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@schmee it's close, but different in some rather critical ways. In Truffle you create an AST, and then Truffle merges the AST execute methods into a single large method. In PyPy you write an interpreter in a subset of Python, then the framework analyzes the interpreter and finds you interpreter dispatch loop (via a special hint). From there it constructs a JIT for your interpreter. So Truffle requires you to compile your code to an AST, PyPy figures out how your interpreter works and builds a JIT for however you chose to write your interpreter.


So PyPy is still a bytecode interpreter. While Zippy (Python on Truffle) is a python to AST compiler with a JIT backend.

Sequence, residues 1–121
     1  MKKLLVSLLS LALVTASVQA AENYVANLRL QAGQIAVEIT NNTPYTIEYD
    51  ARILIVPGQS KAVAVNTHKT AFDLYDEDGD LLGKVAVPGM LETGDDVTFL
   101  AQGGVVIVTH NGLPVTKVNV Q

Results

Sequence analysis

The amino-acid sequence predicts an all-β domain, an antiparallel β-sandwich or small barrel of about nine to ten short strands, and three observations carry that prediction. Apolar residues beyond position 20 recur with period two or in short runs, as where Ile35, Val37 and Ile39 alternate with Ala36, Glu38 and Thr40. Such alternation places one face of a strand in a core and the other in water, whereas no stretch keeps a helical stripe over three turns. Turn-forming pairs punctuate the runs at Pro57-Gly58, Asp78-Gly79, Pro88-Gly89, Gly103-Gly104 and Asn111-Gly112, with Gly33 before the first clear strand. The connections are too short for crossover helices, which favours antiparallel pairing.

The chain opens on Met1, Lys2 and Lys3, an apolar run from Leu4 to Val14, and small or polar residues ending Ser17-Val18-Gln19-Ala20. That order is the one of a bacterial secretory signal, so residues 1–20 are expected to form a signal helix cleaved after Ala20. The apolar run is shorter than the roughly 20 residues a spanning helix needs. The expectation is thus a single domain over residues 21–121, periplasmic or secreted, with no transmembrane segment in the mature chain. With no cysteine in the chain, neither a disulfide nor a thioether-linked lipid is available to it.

The cool thing about PyPy's approach is that PyPy still looks like a mostly normal Python interpreter. You can still introspect stack frames, construct bytecode on-the-fly, etc.


@tbaldridge I see, thanks! so know I have to read up on tracing JITs, just when I thought I was getting some sort of understanding on this topic 😂


so PyPy = tracing, Truffle = partial evaluation


Hey Everyone , Another question - How do you discover open source projects ? what are your sources and is there any glitch or gap in open source discovery? Pls reply on thread, it's easy to track


Pls reply on thread, it's easy to track


For Clojure libraries, via, as well as announcements in this Slack, or on Twitter, or Reddit, or the mailing list...


Sometimes I just go to github and sort projects by stars / month and maybe programming language.


For random discovery, can be interesting, less so for Clojure tbh, it's almost always ring


do you want to use any single point of discovery for all these project regardless the language? will you use it?